You will have three options to select between each question. It is important that you read all these options in detail. Unlike many of the questions in OET reading part A, it is unlikely that scanning the text will be sufficient to provide a correct answer to the part B questions.
Instead, you will have to pay attention to detail and this begins with the options. Don’t just pay attention to individual words and phrases. Make sure you are absolutely clear about the overall meaning of each sentence.
Preparing for part B: Recognising paraphrasing and avoiding distractors
Once you have read the options in detail, you should go on to read the texts in a similar manner. You should expect the information which provides the answers to the questions to be paraphrased.
The answers in the text are likely to be worded differently to the options in the question but the meaning will be the same.
It is not enough to see similar words in the text compared to the options and choose an answer on that basis. You need to read in more detail than this to see if the words are being used in such a way so that it matches the fuller meaning as expressed in the option.
Preparing for part C: Reading for gist
In the final part of the OET reading exam, you will be presented with two longer texts on which you have to answer questions. To help you make sense of the questions in part C, it is a good idea to spend a minute quickly skimming the text you are about to answer questions on, similarly to how you should have read the texts in part A.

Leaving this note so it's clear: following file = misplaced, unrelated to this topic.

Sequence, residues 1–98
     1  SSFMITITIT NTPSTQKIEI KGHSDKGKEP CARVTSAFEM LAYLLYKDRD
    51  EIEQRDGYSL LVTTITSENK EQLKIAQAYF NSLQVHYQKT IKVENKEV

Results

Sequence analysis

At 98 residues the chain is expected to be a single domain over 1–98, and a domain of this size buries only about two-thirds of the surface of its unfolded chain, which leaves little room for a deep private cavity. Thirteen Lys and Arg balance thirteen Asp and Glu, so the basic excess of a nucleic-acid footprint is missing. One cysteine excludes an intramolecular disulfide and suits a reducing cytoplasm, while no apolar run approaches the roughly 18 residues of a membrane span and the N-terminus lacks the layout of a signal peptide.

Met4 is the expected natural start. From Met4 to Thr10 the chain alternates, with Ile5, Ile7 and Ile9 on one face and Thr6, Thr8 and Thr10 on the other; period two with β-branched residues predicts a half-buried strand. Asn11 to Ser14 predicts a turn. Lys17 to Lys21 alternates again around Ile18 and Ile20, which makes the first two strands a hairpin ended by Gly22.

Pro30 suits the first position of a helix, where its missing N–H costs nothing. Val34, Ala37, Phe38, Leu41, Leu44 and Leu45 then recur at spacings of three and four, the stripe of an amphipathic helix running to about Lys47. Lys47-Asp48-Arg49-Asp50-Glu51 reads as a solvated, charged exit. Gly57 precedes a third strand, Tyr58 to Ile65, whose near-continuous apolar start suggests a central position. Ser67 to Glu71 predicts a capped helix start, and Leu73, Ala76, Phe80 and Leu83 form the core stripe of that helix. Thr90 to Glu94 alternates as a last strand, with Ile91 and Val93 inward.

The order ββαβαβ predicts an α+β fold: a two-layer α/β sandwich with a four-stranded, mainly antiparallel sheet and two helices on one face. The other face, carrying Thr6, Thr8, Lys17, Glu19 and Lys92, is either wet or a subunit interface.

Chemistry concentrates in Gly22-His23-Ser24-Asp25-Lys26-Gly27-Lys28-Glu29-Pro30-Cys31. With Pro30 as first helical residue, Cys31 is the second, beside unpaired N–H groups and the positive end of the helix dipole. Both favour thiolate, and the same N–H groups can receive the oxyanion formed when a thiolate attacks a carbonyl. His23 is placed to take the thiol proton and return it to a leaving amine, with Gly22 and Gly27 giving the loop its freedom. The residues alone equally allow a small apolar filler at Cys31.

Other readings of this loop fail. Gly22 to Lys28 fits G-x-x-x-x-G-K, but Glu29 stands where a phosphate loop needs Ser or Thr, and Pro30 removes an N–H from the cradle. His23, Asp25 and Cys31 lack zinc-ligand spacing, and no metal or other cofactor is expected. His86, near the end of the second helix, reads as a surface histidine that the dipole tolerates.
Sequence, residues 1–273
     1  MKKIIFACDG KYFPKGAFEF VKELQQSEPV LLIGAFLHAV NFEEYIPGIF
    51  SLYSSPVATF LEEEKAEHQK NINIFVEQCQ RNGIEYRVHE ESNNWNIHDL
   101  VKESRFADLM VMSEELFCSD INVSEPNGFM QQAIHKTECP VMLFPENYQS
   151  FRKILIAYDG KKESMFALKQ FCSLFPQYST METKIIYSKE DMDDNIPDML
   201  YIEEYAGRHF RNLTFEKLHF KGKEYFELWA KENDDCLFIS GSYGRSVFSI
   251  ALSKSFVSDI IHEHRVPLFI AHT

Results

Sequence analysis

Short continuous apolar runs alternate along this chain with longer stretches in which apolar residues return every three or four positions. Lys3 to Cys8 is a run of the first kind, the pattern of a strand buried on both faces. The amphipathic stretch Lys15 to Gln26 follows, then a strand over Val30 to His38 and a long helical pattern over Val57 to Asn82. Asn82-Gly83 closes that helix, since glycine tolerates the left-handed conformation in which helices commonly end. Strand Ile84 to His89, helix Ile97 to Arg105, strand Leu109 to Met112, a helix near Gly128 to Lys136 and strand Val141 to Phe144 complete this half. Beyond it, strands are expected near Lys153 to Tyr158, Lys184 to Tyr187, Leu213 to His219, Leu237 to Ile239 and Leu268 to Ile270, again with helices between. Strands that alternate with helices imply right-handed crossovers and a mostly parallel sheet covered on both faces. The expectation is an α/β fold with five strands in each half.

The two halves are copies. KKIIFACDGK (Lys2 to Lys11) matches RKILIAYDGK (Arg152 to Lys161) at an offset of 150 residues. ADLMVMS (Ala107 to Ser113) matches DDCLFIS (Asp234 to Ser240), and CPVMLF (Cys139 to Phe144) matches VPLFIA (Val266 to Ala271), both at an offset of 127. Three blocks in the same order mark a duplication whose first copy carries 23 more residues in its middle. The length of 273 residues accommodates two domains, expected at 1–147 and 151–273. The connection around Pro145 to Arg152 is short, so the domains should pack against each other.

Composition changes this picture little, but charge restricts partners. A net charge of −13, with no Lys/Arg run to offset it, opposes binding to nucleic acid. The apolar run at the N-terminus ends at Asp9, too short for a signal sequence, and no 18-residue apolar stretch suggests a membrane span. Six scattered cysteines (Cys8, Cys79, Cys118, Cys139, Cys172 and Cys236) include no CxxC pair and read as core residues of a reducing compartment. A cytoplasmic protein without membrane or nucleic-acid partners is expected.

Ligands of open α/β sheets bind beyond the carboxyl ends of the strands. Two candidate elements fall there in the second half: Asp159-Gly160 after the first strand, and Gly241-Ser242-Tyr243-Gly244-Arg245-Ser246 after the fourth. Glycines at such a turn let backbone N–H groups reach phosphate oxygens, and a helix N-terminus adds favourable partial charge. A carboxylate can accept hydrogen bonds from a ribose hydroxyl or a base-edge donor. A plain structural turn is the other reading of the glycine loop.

This will help to provide a context for the questions you will answer and will allow you to answer them more easily.
Preparing for part C: Identifying opinions
Questions in this part of the reading test often ask us to identify the opinions of writers and individuals referred to in the texts. In order to do this successfully, we should pay attention to evaluative language, particularly language such as adjectives and modal verbs which may be used to express notions such as doubt, optimism or likelihood. Just as in part B, it’s important that you read the questions and information in the text in detail, to ensure that you have correctly identified the opinions of the relevant individuals and, thus, answered the questions correctly.